On bright summer mornings in Stockholm, the enticing aromas of freshly baked cardamom buns and strong espresso waft out from bakeries and restaurants lining the cobbled streets of the city’s historic old town, Gamla Stan. Located at the heart of modern-day Stockholm, the 13th century city center is a popular destination for tourists and locals, who flock to its crowded corridors in search of culinary and cultural treasures alike.
Gamla Stan is just one of numerous distinct neighborhoods spread across the 14 islands that comprise modern-day Stockholm, Sweden’s capital and the most populous city in Scandinavia. The city, located on Sweden’s southeastern coast, was founded in 1252, and has become hub for business and academia in the Nordic region. Home to numerous world-class institutions, including the Nobel and Vasa museums, as well as several UNESCO World Heritage sites, Stockholm is also regarded as one of Europe’s top cultural centers.
Due to the city’s northerly latitude, summers are short and mild, with long days where the sun barely dips below the horizon before quickly rising again. Conversely, the “twilight” days of mid-winter months are dark and cold, and test the resolve of those who thrive on sunshine. The Swedes have adapted to these contrasting seasons by embracing outdoor activities in all types of weather. Residents are particularly fond of winter sports such as skiing and ice hockey, and top athletes from the region routinely excel in these events during international competitions.
I was fortunate enough to visit the Stockholm at the end of spring, when residents were emerging from their homes and taking to the city’s sunny promenades, vibrant waterways and bustling cafés. Stockholm truly blooms during the warm months, with myriad outdoor shopping and dining options in the city center and an abundance of activities to engage in further afield.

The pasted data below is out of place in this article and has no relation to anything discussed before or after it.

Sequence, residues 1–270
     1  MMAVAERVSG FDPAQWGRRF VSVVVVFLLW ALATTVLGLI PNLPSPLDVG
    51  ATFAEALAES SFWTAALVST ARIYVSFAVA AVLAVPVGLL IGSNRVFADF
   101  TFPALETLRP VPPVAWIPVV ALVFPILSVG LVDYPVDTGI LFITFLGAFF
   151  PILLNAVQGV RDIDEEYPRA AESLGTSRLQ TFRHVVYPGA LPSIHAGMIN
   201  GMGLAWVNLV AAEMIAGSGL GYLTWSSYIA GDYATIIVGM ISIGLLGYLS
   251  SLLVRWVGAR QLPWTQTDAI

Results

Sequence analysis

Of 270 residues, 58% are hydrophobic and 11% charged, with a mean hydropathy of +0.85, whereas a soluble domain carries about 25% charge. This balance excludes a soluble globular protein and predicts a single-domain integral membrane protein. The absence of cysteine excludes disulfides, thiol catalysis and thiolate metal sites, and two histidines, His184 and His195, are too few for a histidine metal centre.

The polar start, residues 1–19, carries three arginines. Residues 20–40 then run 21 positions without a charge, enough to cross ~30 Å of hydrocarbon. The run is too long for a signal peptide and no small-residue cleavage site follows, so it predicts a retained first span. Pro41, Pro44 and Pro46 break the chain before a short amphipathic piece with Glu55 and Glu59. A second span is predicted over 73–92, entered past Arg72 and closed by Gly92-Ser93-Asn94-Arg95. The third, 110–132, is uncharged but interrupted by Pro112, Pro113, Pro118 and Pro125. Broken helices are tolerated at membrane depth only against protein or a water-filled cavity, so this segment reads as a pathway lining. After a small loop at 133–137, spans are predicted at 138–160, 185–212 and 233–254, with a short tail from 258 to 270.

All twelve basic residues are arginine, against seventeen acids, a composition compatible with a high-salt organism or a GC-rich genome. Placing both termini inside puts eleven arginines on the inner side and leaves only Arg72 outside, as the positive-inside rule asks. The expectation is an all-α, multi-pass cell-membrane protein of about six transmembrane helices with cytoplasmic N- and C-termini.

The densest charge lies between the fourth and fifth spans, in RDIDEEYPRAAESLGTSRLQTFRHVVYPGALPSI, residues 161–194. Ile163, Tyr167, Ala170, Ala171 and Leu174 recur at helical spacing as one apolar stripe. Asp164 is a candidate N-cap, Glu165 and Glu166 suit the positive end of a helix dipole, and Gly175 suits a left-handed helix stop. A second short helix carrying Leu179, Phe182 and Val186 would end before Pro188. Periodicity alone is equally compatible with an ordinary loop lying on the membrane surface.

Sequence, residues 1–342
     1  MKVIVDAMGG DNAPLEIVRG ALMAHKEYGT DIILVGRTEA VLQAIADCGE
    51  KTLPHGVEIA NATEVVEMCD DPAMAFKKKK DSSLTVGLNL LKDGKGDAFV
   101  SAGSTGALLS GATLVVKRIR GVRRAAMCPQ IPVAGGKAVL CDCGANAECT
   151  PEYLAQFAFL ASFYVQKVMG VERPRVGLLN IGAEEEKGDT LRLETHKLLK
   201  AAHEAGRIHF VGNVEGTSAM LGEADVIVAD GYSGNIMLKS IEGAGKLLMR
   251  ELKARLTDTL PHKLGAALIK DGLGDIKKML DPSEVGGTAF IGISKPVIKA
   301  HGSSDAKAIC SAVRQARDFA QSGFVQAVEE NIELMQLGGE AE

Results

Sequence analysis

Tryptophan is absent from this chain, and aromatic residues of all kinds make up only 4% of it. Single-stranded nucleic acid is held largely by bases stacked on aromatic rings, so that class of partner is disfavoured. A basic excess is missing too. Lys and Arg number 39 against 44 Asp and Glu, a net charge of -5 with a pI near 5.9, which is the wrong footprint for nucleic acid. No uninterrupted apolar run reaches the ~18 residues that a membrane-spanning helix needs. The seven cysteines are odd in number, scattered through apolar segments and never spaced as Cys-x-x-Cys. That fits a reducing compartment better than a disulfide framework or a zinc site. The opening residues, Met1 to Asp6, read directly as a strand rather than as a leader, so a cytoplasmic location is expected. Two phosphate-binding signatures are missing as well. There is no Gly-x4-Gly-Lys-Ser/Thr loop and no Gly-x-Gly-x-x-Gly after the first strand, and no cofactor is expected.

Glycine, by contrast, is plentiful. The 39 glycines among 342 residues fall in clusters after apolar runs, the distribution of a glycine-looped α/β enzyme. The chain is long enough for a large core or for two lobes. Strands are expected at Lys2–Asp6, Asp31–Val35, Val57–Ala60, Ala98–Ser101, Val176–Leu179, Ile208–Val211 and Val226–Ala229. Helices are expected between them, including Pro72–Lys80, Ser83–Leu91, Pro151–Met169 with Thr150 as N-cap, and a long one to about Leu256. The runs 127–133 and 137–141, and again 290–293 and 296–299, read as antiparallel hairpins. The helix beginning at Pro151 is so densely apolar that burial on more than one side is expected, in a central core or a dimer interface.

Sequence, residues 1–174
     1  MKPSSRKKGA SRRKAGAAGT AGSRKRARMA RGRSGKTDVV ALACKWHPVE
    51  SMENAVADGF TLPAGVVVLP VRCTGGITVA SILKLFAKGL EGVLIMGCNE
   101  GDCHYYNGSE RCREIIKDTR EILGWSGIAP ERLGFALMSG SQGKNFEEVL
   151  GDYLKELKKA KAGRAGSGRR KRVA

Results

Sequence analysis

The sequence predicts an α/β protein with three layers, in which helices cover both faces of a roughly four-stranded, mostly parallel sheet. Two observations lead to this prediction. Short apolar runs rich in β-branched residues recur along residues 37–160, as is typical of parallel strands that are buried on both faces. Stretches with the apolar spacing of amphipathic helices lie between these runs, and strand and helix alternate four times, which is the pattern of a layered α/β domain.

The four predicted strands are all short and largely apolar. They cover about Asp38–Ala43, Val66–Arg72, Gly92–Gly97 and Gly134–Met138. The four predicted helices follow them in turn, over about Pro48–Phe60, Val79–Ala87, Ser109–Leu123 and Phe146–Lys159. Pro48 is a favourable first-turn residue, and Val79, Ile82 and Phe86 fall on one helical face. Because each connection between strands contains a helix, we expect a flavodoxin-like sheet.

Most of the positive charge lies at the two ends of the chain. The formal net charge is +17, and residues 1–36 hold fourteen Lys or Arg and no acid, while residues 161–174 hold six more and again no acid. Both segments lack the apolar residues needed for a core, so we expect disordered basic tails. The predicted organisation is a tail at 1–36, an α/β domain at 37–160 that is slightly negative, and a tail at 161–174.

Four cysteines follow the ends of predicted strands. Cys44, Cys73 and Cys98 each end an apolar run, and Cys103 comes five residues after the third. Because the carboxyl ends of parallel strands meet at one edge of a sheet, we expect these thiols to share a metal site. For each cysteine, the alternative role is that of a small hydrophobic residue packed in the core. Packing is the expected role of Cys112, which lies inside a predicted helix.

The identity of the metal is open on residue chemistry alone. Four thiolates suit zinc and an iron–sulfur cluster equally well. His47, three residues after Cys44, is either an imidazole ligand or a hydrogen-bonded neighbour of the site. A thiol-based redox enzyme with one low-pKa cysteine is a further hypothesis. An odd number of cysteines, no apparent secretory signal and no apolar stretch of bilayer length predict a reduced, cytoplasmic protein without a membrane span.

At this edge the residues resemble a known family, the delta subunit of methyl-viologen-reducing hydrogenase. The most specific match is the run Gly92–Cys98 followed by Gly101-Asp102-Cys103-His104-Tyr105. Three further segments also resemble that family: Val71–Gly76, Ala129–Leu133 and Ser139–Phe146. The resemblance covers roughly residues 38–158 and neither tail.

The photos and video in this post (and the shots in my upcoming analog/digital comparison) depict some of the city’s iconic sights, but really only scratch the surface of what “Scandinavia’s Capital” has to offer. I’ll definitely be going back for another visit!
A rain shower passes over Djurgården on a cool day in late May.
A large tree dominates the central courtyard of Stockholm City Hall as seen in this fisheye view from the building’s street entrance.
Window washers clean the façade of a skyscraper in a business district south of the city.
Drottningholm Palace, the private residence of the Swedish royal family, is recognized as a UNESCO World Heritage site.
Soldiers in ceremonial attire prepare for the change of guard at Drottningholm Palace.
An observation deck atop the Ericsson Globe, a massive, spherical, multi-use arena south of Stockholm’s city center, provides a panoramic view of the city.
The original gathering room for the Swedish parliament is now used for smaller committee meetings.
Bicycles line a narrow alleyway in the heart of Gamla Stan.
A panhandler takes a break from his Mickey Mouse routine to smoke a cigarette in Gamla Stan’s central plaza.
A dirt path winds through a wooded section of Hagaparken, a popular nature area north of the city.
Check out all the high-resolution shots from my trip to Sweden in my album on Flickr.